There’s a startling volume of information out there regarding chromology, or the alleged link between colors, patterns, moods and psychologies. Perhaps unsurprisingly, much of it lands firmly at the rather woollier end of the scientific spectrum.
However, a decent amount of credible research has gone into more general study regarding the putative influence of environments on behavior, and even the more academic studies into the validity of color theory do suggest it can exert a subtle influence in certain applications.
Along with home décor and marketing techniques, one of the most closely examined fields is that of the business environment.
It is, of course, highly spurious to claim that repainting an office space in canary yellow with purple pinstripes might have an instant and discernible impact on clearly defined targets like team morale, profit margins or customer service levels. (If anything, that specific scheme might have an instant and discernible impact on absentee rates.) Nevertheless, a growing evidence base does indicate tåhat a reasonable case might be made for at least one or two broader causal links.
Feeling blue at work?
Accepted wisdom, if such a tag applies in the relatively niche field of performance-related color theory, holds that blue is key when it comes to unlocking productivity. This owes chiefly to the fact that, of the four primaries, the impact of blue tones is reckoned to be the most immediately cerebral.
Reds, by contrast, are said evoke a comparatively physical reaction (possibly related to the hard-wired ways in which human instinct demands an action response to indicators of fire, blood, and other signs of threat or risk), while greens and yellows are believed to exert more pull on the emotional landscape.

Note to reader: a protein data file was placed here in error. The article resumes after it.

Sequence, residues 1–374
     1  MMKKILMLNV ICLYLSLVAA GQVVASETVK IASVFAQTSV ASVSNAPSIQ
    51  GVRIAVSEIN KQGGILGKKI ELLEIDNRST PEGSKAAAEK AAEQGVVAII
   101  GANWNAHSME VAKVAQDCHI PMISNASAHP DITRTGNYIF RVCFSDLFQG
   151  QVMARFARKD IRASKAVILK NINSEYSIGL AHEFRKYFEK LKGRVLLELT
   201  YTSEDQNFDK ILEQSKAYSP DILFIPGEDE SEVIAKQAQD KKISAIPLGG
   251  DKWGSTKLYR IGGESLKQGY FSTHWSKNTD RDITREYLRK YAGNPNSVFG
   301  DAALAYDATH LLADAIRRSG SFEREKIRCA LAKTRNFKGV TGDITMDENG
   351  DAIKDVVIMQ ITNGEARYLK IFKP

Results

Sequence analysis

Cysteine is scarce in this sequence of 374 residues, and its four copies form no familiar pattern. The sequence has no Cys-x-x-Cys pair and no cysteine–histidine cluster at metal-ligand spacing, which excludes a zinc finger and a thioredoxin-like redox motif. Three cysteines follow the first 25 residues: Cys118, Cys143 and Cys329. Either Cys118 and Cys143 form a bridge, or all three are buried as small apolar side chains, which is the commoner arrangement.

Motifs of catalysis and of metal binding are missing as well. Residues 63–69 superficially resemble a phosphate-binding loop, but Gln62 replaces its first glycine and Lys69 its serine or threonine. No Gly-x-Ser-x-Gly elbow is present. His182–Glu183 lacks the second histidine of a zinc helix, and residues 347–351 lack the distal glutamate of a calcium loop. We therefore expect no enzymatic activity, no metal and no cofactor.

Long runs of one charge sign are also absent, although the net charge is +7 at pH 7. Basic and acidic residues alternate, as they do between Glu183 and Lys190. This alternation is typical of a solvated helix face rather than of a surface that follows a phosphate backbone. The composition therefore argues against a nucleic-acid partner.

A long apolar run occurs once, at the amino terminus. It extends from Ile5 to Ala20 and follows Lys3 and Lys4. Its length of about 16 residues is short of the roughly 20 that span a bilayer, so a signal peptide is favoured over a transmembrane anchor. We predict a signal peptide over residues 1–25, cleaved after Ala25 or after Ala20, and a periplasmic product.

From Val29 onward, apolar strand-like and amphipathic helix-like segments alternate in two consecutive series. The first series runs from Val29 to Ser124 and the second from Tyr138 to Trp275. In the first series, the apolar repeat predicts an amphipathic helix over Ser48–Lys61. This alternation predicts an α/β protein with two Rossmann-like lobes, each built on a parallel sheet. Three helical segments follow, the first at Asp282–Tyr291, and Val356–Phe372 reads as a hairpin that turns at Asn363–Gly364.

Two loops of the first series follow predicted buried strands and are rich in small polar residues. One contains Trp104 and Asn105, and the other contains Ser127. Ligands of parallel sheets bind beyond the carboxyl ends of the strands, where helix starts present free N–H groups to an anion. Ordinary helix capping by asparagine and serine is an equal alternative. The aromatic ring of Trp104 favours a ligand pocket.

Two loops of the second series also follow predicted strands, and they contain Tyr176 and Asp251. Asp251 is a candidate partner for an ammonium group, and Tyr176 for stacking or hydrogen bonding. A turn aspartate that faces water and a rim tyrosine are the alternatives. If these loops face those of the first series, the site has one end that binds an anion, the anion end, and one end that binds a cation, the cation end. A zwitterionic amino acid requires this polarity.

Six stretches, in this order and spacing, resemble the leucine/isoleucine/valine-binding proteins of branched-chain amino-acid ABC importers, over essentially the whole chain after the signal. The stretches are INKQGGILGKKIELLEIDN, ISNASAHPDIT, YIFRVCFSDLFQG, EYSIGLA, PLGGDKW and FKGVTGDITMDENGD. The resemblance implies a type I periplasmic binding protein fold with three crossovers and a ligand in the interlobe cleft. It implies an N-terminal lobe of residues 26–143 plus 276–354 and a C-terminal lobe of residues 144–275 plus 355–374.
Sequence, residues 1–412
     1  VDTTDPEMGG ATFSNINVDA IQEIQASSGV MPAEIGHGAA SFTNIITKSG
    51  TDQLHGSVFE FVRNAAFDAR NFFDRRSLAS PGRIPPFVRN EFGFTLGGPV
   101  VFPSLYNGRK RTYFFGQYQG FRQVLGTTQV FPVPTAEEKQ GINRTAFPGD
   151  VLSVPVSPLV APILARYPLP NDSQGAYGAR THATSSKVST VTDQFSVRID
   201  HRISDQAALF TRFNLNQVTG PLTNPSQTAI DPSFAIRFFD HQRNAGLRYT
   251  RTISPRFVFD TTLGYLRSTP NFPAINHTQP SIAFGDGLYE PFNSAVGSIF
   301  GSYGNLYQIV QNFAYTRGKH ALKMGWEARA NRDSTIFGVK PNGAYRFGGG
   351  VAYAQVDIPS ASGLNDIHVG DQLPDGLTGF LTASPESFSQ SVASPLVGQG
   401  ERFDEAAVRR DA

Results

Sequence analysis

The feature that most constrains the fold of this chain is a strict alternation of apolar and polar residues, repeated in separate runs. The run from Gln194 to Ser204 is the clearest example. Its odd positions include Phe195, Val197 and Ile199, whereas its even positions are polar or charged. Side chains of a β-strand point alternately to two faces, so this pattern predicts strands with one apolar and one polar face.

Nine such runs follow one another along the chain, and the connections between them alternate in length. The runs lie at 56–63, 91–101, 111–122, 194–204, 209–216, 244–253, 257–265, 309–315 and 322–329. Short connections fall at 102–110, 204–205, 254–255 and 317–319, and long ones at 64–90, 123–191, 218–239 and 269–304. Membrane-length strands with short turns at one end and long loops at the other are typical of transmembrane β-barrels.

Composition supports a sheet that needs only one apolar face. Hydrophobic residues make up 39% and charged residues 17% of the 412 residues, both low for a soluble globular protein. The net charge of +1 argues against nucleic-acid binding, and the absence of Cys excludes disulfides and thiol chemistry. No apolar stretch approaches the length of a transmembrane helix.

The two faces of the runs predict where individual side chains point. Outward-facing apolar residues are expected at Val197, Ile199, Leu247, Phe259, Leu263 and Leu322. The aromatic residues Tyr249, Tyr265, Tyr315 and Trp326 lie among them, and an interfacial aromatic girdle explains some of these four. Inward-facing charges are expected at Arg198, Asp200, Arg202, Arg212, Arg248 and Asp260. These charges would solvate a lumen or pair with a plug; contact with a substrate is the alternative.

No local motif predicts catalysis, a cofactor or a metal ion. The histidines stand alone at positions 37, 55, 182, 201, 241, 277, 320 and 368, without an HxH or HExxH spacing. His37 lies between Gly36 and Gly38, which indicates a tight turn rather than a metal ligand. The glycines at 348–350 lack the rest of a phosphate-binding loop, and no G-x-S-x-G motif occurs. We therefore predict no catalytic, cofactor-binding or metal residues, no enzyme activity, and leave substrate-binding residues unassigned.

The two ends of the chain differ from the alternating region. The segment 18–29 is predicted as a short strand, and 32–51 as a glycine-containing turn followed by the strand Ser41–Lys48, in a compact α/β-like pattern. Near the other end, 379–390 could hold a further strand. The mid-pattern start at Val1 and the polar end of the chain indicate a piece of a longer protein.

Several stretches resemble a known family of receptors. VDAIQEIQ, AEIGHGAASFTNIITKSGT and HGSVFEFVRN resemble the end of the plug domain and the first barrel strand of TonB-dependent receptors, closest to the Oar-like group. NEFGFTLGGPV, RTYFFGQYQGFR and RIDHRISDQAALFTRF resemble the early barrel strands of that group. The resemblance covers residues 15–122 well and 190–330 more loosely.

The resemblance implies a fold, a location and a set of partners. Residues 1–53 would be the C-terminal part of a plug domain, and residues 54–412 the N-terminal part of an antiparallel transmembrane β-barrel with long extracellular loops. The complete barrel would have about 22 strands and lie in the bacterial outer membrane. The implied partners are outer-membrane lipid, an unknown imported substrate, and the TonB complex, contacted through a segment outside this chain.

Leading color psychologist Angela Wright – whose consultancy CV includes such big-name clients as Shell, Unilever and Motorola – sees this as essentially accurate, but also as an oversimplification on two important counts: first, it depends what you mean by ‘productivity’, and second, it omits intensity from the equation.
Since blue is widely seen as the most mentally stimulating of the primary color groups, says Wright, it’s therefore likely to prove a solid choice for environments in which to perform wholly intellectual tasks. However, few professional roles fall entirely within that narrow category; most jobs also require a dash of creativity, physicality or emotional intelligence in order to be performed at an optimal level.
When deciding on an office, studio or factory color scheme, it’s crucial to bear in mind that productivity for an accountant and productivity for an art director are two very different qualities requiring very different stimuli. It therefore follows that the majority of workplaces will benefit from including a range of hues and tones that could appeal to a wider suite of responses and behaviors.